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If x and y are positive, is \(x^3\) > y? (1) \sqrt{x} > y (2) x > y

My approach: 1.\sqrt{x}>y ....>x>\(y^2\)....NS 2. x>y ....NS

Combine...\(y^2\)>x>y....> \(x^3\)>y. This can be verified by taking no like 4>3>2..where y=2 and x=3

Any other apporach.

If x and y are positive, is x^3>y?

NUMBER PLUGGING:

(1) \(\sqrt{x}>y\) --> if \(x=1\) and \(y=\frac{1}{2}\) then the answer will be YES but if \(x=\frac{1}{4}\) and \(y=\frac{1}{5}\) then the answer will be NO. Two different answers, hence not sufficient.

(2) \(x>y\) --> if \(x=1\) and \(y=\frac{1}{2}\) then the answer will be YES but if \(x=\frac{1}{4}\) and \(y=\frac{1}{5}\) then the answer will be NO. Two different answers, hence not sufficient.

(1)+(2) Both examples are valid for combined statements, so we still have two answers. Not sufficient.

Answer: E.

ALGEBRAIC APPROACH:

For \(1\leq{x}\): ------\(\sqrt{x}\)----\(x\)----\(x^3\), so \(1\leq{\sqrt{x}}\leq{x}\leq{x^3}\) (the case \(\sqrt{x}=x=x^3\) is when \(x=1\)). \(y\) is somewhere in green zone (as \(y<\sqrt{x}\) and \(y<x\)), so if we have this case answer is always YES: \(y<x^3\).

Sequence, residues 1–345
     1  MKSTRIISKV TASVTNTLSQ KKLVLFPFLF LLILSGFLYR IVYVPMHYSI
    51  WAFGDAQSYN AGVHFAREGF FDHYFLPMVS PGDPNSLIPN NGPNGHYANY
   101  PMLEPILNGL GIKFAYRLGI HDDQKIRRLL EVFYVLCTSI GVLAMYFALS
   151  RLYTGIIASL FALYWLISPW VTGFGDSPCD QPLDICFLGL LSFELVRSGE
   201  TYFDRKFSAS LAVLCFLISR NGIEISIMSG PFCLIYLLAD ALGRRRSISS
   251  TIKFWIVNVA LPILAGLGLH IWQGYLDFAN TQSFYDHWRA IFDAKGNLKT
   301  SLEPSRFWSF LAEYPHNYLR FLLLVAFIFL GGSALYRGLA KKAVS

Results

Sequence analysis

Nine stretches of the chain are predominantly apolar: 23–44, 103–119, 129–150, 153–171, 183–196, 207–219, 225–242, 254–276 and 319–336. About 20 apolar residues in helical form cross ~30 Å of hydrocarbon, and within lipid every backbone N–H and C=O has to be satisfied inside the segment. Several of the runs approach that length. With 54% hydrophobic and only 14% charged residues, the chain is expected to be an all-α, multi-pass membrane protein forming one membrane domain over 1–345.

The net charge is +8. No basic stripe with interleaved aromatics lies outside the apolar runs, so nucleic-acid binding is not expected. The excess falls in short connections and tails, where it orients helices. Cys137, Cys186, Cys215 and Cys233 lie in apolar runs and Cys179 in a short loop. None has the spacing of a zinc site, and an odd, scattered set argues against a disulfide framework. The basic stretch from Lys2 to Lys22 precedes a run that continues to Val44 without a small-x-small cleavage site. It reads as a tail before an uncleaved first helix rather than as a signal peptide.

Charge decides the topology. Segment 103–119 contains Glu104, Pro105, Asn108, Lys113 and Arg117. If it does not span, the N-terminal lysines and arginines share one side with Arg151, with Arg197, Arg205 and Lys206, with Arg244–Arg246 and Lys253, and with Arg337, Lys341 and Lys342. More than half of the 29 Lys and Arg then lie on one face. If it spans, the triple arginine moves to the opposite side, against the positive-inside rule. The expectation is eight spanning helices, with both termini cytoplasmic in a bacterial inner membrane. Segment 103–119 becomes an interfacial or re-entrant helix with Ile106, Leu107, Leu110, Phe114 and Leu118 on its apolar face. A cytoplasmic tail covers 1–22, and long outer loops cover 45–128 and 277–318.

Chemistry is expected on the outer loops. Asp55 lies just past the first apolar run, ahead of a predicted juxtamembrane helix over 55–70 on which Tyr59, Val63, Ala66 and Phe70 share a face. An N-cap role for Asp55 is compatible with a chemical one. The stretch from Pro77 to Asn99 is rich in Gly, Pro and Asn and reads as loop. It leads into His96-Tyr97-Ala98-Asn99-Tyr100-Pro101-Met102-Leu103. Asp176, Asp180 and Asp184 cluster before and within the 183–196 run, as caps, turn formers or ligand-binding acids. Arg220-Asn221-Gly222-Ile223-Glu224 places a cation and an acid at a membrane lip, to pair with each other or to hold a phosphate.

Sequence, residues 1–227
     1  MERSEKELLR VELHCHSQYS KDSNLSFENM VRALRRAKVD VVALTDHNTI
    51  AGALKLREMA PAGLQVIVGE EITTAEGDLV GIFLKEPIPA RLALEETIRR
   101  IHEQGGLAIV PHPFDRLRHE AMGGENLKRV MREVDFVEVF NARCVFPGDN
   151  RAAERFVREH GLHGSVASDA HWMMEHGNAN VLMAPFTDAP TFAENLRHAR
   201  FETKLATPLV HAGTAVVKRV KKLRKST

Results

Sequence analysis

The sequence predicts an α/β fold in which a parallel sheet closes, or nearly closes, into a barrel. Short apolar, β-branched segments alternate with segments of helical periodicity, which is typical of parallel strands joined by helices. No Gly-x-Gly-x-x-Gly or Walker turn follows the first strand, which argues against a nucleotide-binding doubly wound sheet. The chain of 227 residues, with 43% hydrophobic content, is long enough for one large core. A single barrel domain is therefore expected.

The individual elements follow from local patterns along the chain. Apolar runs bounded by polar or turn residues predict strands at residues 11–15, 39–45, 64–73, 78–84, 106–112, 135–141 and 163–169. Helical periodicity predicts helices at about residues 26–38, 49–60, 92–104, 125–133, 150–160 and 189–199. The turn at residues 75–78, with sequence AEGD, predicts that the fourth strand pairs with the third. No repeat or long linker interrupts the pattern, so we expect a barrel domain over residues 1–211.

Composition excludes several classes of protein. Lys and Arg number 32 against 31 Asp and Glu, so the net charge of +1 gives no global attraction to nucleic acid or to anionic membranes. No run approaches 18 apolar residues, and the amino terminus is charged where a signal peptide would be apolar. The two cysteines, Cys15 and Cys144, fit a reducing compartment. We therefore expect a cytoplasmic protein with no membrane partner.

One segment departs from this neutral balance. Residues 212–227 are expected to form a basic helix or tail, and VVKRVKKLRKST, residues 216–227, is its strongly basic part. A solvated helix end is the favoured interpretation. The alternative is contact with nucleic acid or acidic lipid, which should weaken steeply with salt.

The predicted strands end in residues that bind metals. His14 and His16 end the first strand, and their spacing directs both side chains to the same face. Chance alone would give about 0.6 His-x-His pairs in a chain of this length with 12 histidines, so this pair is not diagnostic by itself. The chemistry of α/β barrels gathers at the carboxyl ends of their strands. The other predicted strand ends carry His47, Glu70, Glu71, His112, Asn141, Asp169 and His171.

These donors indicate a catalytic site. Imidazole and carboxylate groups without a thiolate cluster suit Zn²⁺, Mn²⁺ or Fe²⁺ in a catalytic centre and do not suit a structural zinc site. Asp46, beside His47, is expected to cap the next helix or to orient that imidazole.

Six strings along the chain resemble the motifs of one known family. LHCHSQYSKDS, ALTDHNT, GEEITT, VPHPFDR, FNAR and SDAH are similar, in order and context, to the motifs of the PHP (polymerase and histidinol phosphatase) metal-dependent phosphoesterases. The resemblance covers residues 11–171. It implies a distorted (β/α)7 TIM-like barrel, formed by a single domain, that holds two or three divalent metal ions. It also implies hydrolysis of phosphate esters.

But:

For \(0<x<1\): \(0\)----\(x^3\)----\(x\)----\(\sqrt{x}\)----\(1\), so \(0<x^3<x<\sqrt{x}\). \(y\) is somewhere in green or red zone (as \(y<\sqrt{x}\) and \(y<x\)), so if we have this case answer is sometimes YES: \(y<x^3\) (if \(y\) is in green zone), and sometimes NO: \(x^3<y\) (if \(y\) is in red zone). In fact in this case \(y=x^3\) is also possible, for example when \(x=\frac{1}{2}\) and \(y=\frac{1}{8}\)

If x and y are positive, is \(x^3\) > y? (1) \sqrt{x} > y (2) x > y

My approach: 1.\sqrt{x}>y ....>x>\(y^2\)....NS 2. x>y ....NS

Combine...\(y^2\)>x>y....> \(x^3\)>y. This can be verified by taking no like 4>3>2..where y=2 and x=3

Any other apporach.

If x and y are positive, is x^3>y?

NUMBER PLUGGING:

(1) \(\sqrt{x}>y\) --> if \(x=1\) and \(y=\frac{1}{2}\) then the answer will be YES but if \(x=\frac{1}{4}\) and \(y=\frac{1}{5}\) then the answer will be NO. Two different answers, hence not sufficient.